Religion Today Daily Headlines - January 14, 2013

Religion Today Daily Headlines - January 14, 2013

Daily briefs of the top news stories impacting Christians around the world.

In today's edition:

  • Hobby Lobby Claims It Can Delay Contraceptive Coverage Rule, Fine
  • Pastor Pulls Out of Inauguration Over Anti-Gay Sermon
  • British Christians Await Top Court Ruling on Wearing a Cross at Work
  • Philadelphia High Schools Get Condom Dispensers

 

Hobby Lobby Claims It Can Delay Contraceptive Coverage Rule, Fine

The Christian-owned arts-and-crafts chain Hobby Lobby may have bought itself a few extra months as it battles against the Obamacare mandate to provide emergency contraceptive coverage, according to Fox News. An attorney for Hobby Lobby says the company has found a way to delay the effective date of the mandate and, in turn, avoid the fines that would be imposed for not complying -- at least for now. Peter Dobelbower said Thursday the company would shift the plan year for employee health insurance, which will delay by several months the Jan. 1 effective date of the requirement. "Hobby Lobby does not provide coverage for abortion-inducing drugs in its healthcare plan," he said. "Hobby Lobby will continue to vigorously defend its religious liberty and oppose the mandate and any penalties." Hobby Lobby sued to overturn the mandate on groups that it violates the religious beliefs of founder and CEO David Green and his family. The Greens say requiring insurance for the "morning-after" and "week-after" pills forces them to either violate their religious beliefs or face fines of up to $1.3 million per day. U.S. Supreme Court justice Sonia Sotomayor recently denied the company's request for an injunction while the lawsuit is pending.

Pastor Pulls Out of Inauguration Over Anti-Gay Sermon

The evangelical pastor chosen by President Obama to deliver the benediction at his inauguration ceremonies withdrew on Thursday, Jan. 10, following a furor over a sermon from the mid-1990s in which he denounced the gay rights movement and advocated efforts to turn gays straight, the Religion News Service reports. In a statement, the Rev. Louie Giglio of Atlanta did not directly renounce his remarks on gays but indicated that fighting gay rights is not one of his "priorities." Still, because of the controversy -- which erupted on Wednesday after the liberal group Think Progress posted audio of the sermon -- Giglio said that "it is likely that my participation, and the prayer I would offer, will be dwarfed by those seeking to make their agenda the focal point of the inauguration." Giglio, who was chosen to deliver the blessing at the Jan. 21 ceremony because of his longtime work against human trafficking, added: "Clearly, speaking on this issue has not been in the range of my priorities in the past 15 years. Instead, my aim has been to call people to ultimate significance as we make much of Jesus Christ. Neither I, nor our team, feel it best serves the core message and goals we are seeking to accomplish to be in a fight on an issue not of our choosing, thus I respectfully withdraw my acceptance of the president's invitation." Addie Whisenant, a spokeswoman for the Presidential Inaugural Committee, said organizers were not aware of Giglio's past comments when he was chosen -- reportedly with Obama's personal input. Giglio's remarks "don't reflect our desire to celebrate the strength and diversity of our country at this Inaugural," Whisenant said.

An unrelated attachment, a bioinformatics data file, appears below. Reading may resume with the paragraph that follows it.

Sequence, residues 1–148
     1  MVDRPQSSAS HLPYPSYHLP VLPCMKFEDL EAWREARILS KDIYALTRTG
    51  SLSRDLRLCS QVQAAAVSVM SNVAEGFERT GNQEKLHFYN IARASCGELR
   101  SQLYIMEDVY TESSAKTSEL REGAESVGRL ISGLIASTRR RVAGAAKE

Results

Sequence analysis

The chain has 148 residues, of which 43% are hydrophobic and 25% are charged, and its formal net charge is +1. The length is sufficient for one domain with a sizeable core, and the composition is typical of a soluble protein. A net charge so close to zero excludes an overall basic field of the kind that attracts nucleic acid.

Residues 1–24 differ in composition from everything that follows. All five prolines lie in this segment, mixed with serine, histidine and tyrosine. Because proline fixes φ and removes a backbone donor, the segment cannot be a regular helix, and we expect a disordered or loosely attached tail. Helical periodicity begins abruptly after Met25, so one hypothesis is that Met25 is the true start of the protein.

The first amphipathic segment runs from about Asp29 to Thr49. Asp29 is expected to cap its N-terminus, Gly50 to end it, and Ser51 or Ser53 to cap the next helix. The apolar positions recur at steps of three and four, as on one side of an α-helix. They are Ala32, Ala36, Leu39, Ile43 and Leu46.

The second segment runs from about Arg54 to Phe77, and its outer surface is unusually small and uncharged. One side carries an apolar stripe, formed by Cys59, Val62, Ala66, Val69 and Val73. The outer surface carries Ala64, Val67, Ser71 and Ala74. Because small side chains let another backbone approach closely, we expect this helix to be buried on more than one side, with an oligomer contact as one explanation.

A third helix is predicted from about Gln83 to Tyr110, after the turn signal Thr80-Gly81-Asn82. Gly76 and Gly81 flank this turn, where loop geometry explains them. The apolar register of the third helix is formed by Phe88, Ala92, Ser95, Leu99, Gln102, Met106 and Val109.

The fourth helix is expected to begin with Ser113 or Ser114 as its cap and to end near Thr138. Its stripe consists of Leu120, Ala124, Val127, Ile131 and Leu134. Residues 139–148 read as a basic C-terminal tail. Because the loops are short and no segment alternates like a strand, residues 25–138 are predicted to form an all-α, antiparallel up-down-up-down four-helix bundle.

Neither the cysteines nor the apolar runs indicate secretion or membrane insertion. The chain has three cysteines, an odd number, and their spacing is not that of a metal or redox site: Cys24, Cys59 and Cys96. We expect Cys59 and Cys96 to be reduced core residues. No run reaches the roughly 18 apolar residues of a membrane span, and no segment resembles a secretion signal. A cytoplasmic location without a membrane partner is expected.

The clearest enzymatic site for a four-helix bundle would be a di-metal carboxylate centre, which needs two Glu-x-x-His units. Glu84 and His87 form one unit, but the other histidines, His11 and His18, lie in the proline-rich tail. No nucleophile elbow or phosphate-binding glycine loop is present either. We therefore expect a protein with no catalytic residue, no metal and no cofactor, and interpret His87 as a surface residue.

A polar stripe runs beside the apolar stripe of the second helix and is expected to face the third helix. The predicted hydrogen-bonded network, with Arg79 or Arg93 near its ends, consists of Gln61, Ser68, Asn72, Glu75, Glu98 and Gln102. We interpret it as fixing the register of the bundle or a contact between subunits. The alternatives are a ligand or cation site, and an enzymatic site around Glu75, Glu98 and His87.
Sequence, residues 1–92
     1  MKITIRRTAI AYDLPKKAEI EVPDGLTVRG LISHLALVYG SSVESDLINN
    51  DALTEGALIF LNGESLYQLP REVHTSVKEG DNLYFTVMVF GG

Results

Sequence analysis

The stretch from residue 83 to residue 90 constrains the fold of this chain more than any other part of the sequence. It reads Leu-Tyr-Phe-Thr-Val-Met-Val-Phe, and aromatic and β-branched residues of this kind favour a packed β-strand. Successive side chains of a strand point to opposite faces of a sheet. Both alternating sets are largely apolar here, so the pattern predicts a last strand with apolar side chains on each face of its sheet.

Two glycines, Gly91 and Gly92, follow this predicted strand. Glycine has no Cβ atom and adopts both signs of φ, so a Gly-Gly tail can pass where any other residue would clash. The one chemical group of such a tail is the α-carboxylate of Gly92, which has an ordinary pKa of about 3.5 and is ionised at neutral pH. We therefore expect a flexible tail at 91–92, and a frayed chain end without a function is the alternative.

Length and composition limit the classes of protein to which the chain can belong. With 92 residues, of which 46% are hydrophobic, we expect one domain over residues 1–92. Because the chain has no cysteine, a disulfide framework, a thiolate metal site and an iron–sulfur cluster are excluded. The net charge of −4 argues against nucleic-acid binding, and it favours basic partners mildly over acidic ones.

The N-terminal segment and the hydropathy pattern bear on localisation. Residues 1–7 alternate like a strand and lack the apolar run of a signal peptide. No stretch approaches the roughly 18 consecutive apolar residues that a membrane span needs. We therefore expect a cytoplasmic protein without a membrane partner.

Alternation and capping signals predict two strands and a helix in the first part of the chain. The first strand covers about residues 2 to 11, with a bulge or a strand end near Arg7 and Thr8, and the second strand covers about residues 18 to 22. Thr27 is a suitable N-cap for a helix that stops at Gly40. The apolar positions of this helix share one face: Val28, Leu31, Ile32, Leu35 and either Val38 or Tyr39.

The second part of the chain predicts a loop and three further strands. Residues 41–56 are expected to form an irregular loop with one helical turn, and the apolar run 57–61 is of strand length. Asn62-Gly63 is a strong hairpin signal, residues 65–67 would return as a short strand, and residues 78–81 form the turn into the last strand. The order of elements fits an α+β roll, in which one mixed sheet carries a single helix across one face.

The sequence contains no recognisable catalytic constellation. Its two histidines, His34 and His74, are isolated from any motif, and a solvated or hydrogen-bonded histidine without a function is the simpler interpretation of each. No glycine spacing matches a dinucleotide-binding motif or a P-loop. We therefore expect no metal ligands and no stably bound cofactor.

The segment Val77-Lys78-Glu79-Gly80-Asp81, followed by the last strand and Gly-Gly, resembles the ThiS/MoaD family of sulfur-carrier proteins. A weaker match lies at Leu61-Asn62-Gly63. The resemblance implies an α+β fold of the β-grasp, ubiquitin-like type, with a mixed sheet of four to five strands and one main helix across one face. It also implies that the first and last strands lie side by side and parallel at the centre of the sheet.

British Christians Await Top Court Ruling on Wearing a Cross at Work

Europe's highest court next week will hand down rulings in the cases of four British Christians who claim to have been discriminated against in the workplace because of their religious beliefs, CNSNews.com reports. Two of the applicants, Nadia Eweida and Shirley Chaplin, said their rights were violated when employers forbade them from wearing crosses visibly at work. A third, Lillian Ladele, a local government marriage registrar, objected to conducting civil partnership ceremonies for same-sex couples after the law changed in 2005 to allow them and said she was disciplined and ultimately forced to resign after refusing to do so. And Gary McFarlane, a counselor, was fired over a dispute about providing counseling to same-sex couples. All four had their cases rejected by employment tribunals, and in submitting their cases to the European Court of Human Rights, they claimed that domestic law in Britain had failed to adequately protect their religious rights. The ECHR will hand down its rulings in the four cases on Tuesday, Jan. 15.

Philadelphia High Schools Get Condom Dispensers

Condoms have been distributed at some Philadelphia high schools for years, but now they're available in more schools as a result of a partnership between the city and the school district, the Philadelphia Inquirer reports. Over Christmas break, condom dispensers were installed at 11 high schools that either have a high rate of sexually transmitted diseases or an existing "health resource center" that provides sexual education to students. Parents can sign forms opting their students out of the free condom program, though it appears that staff won't be checking to make sure parents are OK with their students obtaining condoms. City officials say the condom program is part of a strategy to combat both high STD rates among teens and an alarming rise of HIV infection among teens. However, the National Abstinence Education Association has grave concerns. According to NAEA president Valerie Huber, the sex-ed priorities of Philadelphia public schools undermine parental rights and compromise the optimal sexual health of its students. "Teens deserve better," Huber said, "and we hope that parents in Philadelphia schools demand a change in current policies."

Publication date: January 14, 2013

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